2. The medieval aristocracy placed a high value on clothing since it served as a symbol of their wealth and general superiority to the underclass. As a result, strange fashion fads like long, pointed shoes for men spread throughout Europe. The longer the shoes, the wealthier the wearer and, thus, the higher their social standing. Some of the shoes required whalebone reinforcement because they were so lengthy.
  3. It’s true that upper-class marriages throughout the middle ages were frequently arranged for political and social reasons rather than for love, contrary to popular belief. In practically every facet of medieval society, women had no voice. In actuality, men and women were deemed to be physically prepared for marriage as soon as they entered puberty, which might be as early as 12 for girls and 14 for boys.
  4. In the middle ages, couples in Germany were quick to settle their differences. Instead of simply squabbling like any other regular couple would, they entered the ring. Trial by battle was a common method of resolving conflicts, and when man and wife fought, there were strange rules that applied, such as the husband had to stand in a hole with his hand behind his back while his wife ran around carrying a sack of pebbles.
  5. While many women today spend money on eyelash extensions, things were very different in the Middle Ages. Women would pluck their lashes and brows to draw attention to their foreheads, which were thought to be the focal feature of their faces. Some were so determined to have a flawlessly oval, bald face that they would pluck their hairlines.
  6. It makes sense that people in medieval times were worried about death, given how religious society was at the time and how many people were dying from the Black Death. As a result, the “ars moriendi” or “The art of dying” movement became popular. It should be a planned and peaceful death. The dying person should, like Christ, accept their fate without desperation, disbelief, impatience, vanity, or avarice.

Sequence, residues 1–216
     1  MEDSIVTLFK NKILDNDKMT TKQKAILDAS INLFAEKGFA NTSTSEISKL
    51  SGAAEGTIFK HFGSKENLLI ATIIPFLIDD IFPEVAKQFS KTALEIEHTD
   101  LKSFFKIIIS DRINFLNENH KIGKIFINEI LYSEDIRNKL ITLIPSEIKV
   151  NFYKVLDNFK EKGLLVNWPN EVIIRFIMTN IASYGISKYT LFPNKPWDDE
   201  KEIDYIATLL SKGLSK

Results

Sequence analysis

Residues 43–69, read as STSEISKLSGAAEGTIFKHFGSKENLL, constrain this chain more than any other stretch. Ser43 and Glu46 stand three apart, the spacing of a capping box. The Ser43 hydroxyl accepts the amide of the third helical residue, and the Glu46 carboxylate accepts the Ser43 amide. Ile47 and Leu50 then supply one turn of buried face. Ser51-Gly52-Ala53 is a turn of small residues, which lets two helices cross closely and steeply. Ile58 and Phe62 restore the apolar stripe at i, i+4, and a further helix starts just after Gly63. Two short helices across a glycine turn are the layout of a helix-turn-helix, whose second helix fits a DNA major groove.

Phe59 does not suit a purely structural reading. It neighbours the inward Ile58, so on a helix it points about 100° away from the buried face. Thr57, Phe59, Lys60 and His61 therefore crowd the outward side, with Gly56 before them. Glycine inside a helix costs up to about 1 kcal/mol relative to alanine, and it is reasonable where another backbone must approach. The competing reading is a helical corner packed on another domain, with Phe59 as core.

7. In the Middle Ages, peasants had jobs near where they resided. Their trade was kept within the family-owned business and was passed down from father to son. You would probably be a cobbler if your father had been one.
  8. Before the games had names, there was mob violence associated with sports in medieval England. Football, or soccer as it is known outside of the United States, was a violent, chaotic, and occasionally lethal sport. It could take place across entire towns, included an endless number of participants, and frequently engaged the other team rather than the ball. Any method, with the exception of actual murder, may be utilized to score in “Shrovetide football.” King Edward II, who was clearly more into golf, thought enough was enough and outlawed the game in 1314, stating, “under pain of imprisonment, such games to be employed in the city in future.”